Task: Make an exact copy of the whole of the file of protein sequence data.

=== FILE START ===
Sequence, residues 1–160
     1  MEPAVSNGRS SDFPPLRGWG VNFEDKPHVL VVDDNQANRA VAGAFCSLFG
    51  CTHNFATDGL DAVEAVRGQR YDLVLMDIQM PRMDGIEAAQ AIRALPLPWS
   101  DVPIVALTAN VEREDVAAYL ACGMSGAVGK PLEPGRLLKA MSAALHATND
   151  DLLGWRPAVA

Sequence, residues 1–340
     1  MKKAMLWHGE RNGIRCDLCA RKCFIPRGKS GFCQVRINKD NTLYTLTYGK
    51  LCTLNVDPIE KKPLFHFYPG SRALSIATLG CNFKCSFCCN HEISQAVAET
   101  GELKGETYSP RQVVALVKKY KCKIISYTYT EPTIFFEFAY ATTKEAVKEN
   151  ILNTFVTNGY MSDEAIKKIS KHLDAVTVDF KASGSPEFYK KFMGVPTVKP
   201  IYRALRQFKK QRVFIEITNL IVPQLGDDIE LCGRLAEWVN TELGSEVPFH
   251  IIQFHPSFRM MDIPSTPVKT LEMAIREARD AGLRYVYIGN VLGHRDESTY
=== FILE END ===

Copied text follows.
Sequence, residues 1–160
     1  MEPAVSNGRS SDFPPLRGWG VNFEDKPHVL VVDDNQANRA VAGAFCSLFG
    51  CTHNFATDGL DAVEAVRGQR YDLVLMDIQM PRMDGIEAAQ AIRALPLPWS
   101  DVPIVALTAN VEREDVAAYL ACGMSGAVGK PLEPGRLLKA MSAALHATND
   151  DLLGWRPAVA

Sequence, residues 1–340
     1  MKKAMLWHGE RNGIRCDLCA RKCFIPRGKS GFCQVRINKD NTLYTLTYGK
    51  LCTLNVDPIE KKPLFHFYPG SRALSIATLG CNFKCSFCCN HEISQAVAET
   101  GELKGETYSP RQVVALVKKY KCKIISYTYT EPTIFFEFAY ATTKEAVKEN
   151  ILNTFVTNGY MSDEAIKKIS KHLDAVTVDF KASGSPEFYK KFMGVPTVKP
   201  IYRALRQFKK QRVFIEITNL IVPQLGDDIE LCGRLAEWVN TELGSEVPFH
   251  IIQFHPSFRM MDIPSTPVKT LEMAIREARD AGLRYVYIGN VLGHRDESTY